The Nordic Food Lab and I /1

Interview with Sardinian Roberto Flore, the new head chef at the research outpost in Copenhagen

26-08-2014

A few weeks ago, Roberto Flore, 31, became the head chef at the Nordic Food Lab in Copenhagen, the experimental outpost founded in 2009 by Rene Redzepi and Claus Meyer, dedicated to open-source research on the deliciousness of food

Since last June, the Nordic Food Lab in Copenhagen speaks with a strong and proud Italian accent. With a Sardinian inflection, to be precise, belonging to Roberto Flore, born in 1982 in Seneghe, a small village in the mountains of Montiferru, in the province of Oristano. This guy, already the chef at Antica Dimora del Gruccione in Santu Lissurgiu, was summoned to succeed in the important role of head chef to Scotsman Ben Reade, who in the past wrote for us various posts on his pioneering work. "Even though", Flore points out, "when compared to when Ben was here we have changed the way we operate".

Flore, or Robbè as they call him, will manage the work inside the famous boat moored in front of Renè Redzepi’sNoma. The latter founded the NFL in 2009 with his ex partner Claus Meyer. Totally dedicated to open-source research on the deliciousness of food, guys coming from different universities, from Pollenzo to Copenhagen, to Yale work at the Lab. We have contacted Flore, beaming for this job. He told us many interesting things that we will publish in an interview in two episodes.

What are the precise tasks inside the Nordic Food Lab?
Mainly, our team plans all the future steps of the lab. On a daily basis, we work with food, we test, coordinate the operations in the kitchen, maintain the relations with producers, visit their farms and constantly map the territory.

Renč Redzepi of the Nordic Food Lab, Noma’s true creative outpost (photo credits parlafood)

Renč Redzepi of the Nordic Food Lab, Noma’s true creative outpost (photo credits parlafood)

How many are you?
Four are permanent while 5 collaborators rotate as interns. These are guys coming from all over the world. They work with us on the on-going researches, or they present their own projects.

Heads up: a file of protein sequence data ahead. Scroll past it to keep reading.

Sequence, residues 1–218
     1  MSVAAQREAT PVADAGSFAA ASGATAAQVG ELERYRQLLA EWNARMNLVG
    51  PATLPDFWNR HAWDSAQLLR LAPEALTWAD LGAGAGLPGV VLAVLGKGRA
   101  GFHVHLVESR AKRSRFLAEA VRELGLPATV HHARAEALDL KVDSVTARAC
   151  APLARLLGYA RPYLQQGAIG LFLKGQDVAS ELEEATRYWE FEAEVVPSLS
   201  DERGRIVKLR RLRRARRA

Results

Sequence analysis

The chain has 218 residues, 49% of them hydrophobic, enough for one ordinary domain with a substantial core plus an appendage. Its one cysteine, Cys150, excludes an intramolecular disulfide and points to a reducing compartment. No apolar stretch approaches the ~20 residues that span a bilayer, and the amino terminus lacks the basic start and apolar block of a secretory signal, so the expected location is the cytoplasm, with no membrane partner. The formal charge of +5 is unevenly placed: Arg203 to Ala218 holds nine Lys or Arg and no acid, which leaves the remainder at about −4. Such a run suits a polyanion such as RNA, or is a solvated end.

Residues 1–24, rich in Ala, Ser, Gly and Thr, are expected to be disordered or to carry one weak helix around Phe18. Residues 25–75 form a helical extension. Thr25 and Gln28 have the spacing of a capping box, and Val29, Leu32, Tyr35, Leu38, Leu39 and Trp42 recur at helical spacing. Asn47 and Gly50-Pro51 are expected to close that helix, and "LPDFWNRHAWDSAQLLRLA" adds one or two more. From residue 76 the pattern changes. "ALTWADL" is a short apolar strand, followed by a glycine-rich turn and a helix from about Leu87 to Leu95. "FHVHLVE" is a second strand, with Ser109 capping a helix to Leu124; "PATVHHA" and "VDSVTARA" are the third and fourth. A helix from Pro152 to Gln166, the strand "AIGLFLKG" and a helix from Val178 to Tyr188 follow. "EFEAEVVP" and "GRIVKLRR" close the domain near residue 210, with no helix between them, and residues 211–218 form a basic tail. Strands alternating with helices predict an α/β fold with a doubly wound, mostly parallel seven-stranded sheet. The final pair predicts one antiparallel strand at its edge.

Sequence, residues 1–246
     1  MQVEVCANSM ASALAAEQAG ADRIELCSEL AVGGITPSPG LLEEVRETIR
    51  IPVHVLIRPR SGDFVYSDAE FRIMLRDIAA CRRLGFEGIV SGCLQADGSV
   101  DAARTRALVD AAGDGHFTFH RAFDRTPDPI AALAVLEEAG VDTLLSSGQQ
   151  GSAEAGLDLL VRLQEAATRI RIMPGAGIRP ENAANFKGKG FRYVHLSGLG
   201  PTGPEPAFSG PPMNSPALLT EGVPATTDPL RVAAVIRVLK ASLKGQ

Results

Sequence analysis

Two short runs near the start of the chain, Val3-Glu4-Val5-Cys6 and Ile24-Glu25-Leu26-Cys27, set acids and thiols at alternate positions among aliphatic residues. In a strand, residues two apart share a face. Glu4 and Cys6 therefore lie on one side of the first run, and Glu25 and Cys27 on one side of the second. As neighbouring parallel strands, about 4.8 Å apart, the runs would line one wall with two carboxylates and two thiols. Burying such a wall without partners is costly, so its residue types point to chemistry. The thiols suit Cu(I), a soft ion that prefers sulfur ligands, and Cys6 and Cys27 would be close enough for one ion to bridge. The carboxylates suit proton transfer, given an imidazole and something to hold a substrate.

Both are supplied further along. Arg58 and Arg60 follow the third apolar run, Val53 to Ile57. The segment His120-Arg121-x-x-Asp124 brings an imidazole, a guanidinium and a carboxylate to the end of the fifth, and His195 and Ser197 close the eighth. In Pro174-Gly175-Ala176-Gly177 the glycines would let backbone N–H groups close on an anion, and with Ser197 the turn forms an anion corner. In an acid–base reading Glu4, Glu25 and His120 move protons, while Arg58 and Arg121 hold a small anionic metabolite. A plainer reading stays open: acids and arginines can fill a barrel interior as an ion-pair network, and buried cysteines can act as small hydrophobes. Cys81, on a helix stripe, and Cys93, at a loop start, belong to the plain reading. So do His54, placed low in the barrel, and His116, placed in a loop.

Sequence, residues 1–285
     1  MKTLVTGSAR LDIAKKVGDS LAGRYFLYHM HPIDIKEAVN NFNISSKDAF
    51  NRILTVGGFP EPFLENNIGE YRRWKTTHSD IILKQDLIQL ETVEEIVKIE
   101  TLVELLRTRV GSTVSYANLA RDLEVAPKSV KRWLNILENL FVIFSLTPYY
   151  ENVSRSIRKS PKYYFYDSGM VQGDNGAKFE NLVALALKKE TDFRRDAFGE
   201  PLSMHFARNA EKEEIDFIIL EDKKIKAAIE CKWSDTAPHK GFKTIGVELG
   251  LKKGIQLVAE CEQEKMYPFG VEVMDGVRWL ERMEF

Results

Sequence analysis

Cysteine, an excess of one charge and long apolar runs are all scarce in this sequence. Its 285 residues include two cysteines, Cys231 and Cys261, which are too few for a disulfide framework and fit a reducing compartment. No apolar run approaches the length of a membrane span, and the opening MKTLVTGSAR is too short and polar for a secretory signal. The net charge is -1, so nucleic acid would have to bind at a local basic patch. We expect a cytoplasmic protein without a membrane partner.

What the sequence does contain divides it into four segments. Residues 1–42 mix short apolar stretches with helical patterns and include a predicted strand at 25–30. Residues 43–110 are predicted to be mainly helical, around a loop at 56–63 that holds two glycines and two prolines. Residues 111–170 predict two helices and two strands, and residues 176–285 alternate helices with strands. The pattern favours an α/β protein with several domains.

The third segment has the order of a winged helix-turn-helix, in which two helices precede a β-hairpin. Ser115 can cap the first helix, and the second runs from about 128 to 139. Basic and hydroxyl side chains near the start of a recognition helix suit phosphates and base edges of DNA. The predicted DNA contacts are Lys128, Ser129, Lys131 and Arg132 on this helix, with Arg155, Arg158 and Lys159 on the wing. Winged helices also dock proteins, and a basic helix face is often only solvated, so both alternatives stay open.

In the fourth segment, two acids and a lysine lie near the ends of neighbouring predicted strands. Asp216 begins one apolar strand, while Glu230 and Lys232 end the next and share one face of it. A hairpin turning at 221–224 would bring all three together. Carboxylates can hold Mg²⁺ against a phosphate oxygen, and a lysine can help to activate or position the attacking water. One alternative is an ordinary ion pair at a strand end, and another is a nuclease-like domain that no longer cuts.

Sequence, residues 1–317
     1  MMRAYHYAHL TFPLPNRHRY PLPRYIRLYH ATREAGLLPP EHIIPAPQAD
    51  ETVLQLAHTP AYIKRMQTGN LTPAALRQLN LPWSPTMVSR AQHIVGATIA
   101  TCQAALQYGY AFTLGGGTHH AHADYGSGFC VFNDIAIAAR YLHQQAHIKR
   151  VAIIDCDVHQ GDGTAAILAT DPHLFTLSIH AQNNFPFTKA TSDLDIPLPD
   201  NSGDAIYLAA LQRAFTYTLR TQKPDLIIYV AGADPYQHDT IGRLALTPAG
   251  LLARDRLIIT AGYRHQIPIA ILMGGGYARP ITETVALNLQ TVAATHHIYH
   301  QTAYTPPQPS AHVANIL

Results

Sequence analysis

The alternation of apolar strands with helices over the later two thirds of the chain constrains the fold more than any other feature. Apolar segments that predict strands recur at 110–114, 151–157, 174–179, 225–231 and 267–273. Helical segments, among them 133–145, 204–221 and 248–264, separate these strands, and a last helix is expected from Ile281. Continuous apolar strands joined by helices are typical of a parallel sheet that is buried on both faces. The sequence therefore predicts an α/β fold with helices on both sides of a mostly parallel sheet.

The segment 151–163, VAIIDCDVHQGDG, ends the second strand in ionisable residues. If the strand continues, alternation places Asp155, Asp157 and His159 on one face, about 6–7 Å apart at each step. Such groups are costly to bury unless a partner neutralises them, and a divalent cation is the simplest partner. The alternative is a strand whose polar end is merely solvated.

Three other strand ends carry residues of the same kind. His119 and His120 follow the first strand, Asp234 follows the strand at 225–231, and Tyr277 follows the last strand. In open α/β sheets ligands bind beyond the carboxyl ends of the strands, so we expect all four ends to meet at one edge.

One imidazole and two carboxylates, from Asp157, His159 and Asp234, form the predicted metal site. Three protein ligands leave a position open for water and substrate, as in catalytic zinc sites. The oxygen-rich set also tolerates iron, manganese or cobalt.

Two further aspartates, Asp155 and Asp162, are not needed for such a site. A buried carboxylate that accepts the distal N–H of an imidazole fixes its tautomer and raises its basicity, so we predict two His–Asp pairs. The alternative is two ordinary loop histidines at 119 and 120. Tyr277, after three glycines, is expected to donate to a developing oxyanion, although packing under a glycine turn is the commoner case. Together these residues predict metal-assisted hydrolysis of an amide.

How was the official assignment?
It all happened in a very informal context, a short while before I left for my holidays in Sardinia, in June. I was already the temporary head chef. To be confirmed as long term head chef meant a lot to me. Back from the holidays, Redzepi welcomed me with a high five, his good luck wish.

How did your relation with the Lab begin?
I came into contact with them because of one of the most delicious Sardinian products, namely Casu Marzu, a cheese made with sheep, cow or goat milk that was banned from the tables. A fly called phiophila inoculates the worms and the cheese, which has a high content of bacteria, ferments breaking its crust. In October 2013, I spent an intense weekend with two guys from the Lab in Seneghe, my home town. We visited shepherds and breeders who live in Montiferru, tasted and created recipes with different varieties of Casu Marzu. It is then that the occasion arrived for me to do an internship of a few months in Copenhagen. For years, from afar, I had been following the successes of Noma with fascination. I thought something great was happening in that part of the world. As soon as I put foot on the boat I fell in love. A dream was coming true.

Once young chefs were attracted by France, and then Spain. Now everyone is looking for experience in the Great North. Why do you think it is so?
It’s hard to answer. There is, however, an undeniable fact: in these times, the North offers great opportunities not only from a gastronomic point of view. You notice it as soon as you land in Copenhagen: as soon as you arrive at the airport, you find a huge poster saying ‘welcome to the happiest country in the world’. The Nordic Food Lab is a young, lively and pulsating place. It stimulates creativity and team spirit. You’re welcomed wonderfully and think: great!

Roberto Flore, Sardinian from Montiferru

Roberto Flore, Sardinian from Montiferru

Then the work begins.
Yes, you meet chefs coming from all over the place. You start to implement and share your knowledge. To personally meet local producers and their excellent products. You understand how much importance and awareness was generated by the concept of the New Nordic Cuisine, especially in towns, but also in the countryside.

For example?
Outside Copenhagen, there are more and more farms run by young people. They cultivate themselves, following the principles of biodynamic agriculture. They give space to the production of local ingredients and raw materials that are often now hard to find, perhaps considered as having little commercial value until a few years ago. Meanwhile, in town, there’s an increasing number of consumers interested in a lifestyle that includes a closer contact with nature, looking for high quality products.

1. to be continued


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